2. But is this an acceptable presupposition? Is it not itself precisely what hinders any thought of a community that would be worthy of our age—which is indeed the age of completed nihilism? If we assumed this presupposition as such, we would necessarily be obliged to choose between two hypotheses which are equally unacceptable. That is, we would find ourselves either negating the structurally nihilistic attitude of the present age, or excluding the question of community from our horizon of relevance. In order to speak about community in terms that are not simply nostalgic, we would be left with the possibility of circumscribing nihilism to an aspect, a particular moment, of our experience. We could consider it as a ‘fixed term’ phenomenon, bound to dissolve itself or at least regress at a certain point. Or we could even understand it like a disease which has attacked only some organs of an otherwise healthy body. Yet this kind of reductive argument goes against all evidence, which shows that nihilism is not an interlude or a specific situation, but rather the basic tendency of modern society, which has today achieved its utmost expression. But what does this mean? The only way to get our head around the question without renouncing any of its terms requires bringing together community and nihilism in a single argument. Even more, we should not see the completion of nihilism as an insurmountable obstacle, but as an opportunity to elaborate a new thinking of community. Obviously, this does not mean that community and nihilism turn out to be identical, or even just symmetrical; that they are to be located on the same level or along the same trajectory. Rather, it means that they intersect at a point that the two cannot disregard because, in different ways, it is constitutive of them both. This point—which is unperceived, repressed, and neutralized by current communitarian philosophies—can be regarded as the ‘nothing’. It is this that community and nihilism have in common in a way that has so far remained mostly unexplored.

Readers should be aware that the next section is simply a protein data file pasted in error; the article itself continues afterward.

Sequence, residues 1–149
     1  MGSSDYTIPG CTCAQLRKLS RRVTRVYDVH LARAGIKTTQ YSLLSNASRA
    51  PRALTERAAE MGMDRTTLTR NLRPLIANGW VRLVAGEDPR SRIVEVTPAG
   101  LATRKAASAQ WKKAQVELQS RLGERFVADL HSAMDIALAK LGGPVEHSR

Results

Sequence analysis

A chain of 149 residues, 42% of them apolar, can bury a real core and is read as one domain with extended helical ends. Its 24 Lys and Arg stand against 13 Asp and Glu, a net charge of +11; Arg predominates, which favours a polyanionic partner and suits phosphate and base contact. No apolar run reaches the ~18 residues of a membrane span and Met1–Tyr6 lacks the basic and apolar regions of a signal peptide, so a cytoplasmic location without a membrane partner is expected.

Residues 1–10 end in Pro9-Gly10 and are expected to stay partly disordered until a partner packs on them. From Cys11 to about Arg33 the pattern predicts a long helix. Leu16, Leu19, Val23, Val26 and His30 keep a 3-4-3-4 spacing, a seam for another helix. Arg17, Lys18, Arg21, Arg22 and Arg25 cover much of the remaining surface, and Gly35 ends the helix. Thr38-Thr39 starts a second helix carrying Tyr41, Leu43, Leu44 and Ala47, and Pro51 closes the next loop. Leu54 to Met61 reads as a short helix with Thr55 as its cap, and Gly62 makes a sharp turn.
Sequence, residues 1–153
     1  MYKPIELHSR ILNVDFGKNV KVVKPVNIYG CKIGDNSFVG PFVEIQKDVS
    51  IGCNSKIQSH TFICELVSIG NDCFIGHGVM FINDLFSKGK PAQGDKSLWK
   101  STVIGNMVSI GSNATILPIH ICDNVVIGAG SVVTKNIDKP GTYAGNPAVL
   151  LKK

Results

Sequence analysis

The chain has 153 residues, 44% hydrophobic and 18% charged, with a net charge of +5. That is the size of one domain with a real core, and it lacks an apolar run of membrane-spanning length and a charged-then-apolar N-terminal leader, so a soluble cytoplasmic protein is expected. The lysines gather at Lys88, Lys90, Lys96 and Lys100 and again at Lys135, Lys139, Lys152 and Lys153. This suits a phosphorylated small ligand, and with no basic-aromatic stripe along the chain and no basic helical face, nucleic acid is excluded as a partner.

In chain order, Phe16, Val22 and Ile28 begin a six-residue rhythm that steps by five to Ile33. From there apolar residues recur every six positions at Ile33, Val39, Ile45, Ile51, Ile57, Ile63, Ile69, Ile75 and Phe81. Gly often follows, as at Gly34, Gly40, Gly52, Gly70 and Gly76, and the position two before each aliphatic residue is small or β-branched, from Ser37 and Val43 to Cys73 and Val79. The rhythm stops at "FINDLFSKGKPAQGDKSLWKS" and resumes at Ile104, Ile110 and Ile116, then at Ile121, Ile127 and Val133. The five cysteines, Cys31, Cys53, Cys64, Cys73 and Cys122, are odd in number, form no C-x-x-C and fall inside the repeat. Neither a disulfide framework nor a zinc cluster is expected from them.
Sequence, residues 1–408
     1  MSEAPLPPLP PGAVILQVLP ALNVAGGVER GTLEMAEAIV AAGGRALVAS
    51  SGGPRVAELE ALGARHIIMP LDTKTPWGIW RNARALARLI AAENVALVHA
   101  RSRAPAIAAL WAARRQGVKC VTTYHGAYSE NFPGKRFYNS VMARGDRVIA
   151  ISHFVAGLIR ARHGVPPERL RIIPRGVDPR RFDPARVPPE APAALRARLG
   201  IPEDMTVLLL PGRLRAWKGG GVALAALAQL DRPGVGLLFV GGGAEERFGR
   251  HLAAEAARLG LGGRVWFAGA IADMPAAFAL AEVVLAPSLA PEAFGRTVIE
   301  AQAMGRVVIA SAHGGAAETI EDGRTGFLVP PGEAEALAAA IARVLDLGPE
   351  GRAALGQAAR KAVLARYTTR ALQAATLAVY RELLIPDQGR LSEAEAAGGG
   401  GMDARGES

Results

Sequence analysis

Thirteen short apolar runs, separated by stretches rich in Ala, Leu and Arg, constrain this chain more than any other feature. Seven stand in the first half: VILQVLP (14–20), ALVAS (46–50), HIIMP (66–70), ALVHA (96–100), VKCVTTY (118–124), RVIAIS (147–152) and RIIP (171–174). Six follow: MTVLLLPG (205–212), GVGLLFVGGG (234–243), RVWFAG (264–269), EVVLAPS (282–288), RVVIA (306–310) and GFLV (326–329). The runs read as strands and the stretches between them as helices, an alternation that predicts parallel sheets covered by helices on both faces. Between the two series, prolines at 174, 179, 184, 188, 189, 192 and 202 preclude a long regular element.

But in what sense? We leave aside for the time being the (far from simple) question about the relation between the nothing and nihilism—yet we shall return to it in a short time. Let us focus on community. We have seen how it has traditionally been opposed to nihilism as if it were the thing itself; and even how its definition is one with such an opposition: community would not just be different from the nothing and irreducible to it, but it would also coincide with its explicit opposite—a ‘whole’ entirely filled by itself. Now, I believe that this is precisely the standpoint that should not only be problematized, but even reversed: community is not the place of the opposition of the thing and the nothing, but that of their superimposition. I have attempted to account for this claim by means of an analysis, both etymological and philosophical, of the term communitas, starting from the term munus, from which it derives.[1] The conclusive result of this investigation is community’s categorical distance from any idea of property collectively owned by a group of individuals—or even from their belonging to a common identity. According to the original value of this concept, what the members of communitas share—this is precisely the complex, but pregnant meaning of munus—is rather the expropriation of their substance which is not limited to their ‘having’, but involves and draws on their very ‘being subjects’. Here, my argument unfolds in a way that shifts it from the more traditional field of anthropology, or of political philosophy, to the (more radical) field of ontology: the fact that community is not linked to a surplus, but a deficit, of subjectivity, means that its members are no longer identical to themselves, but structurally exposed to a tendency that leads them to break their individual limits and face up to their ‘outside’. From this point of view—which breaks any continuity between what is ‘common’ and what is ‘one’s own’ [proprio], linking it rather to what is not one’s own [improprio]—the figure of the other returns to centre stage. If the subject of the community is no longer the ‘same’, he will necessarily be ‘other’. He will not be another subject, but a sequence of alterations that never coalesce into a new identity.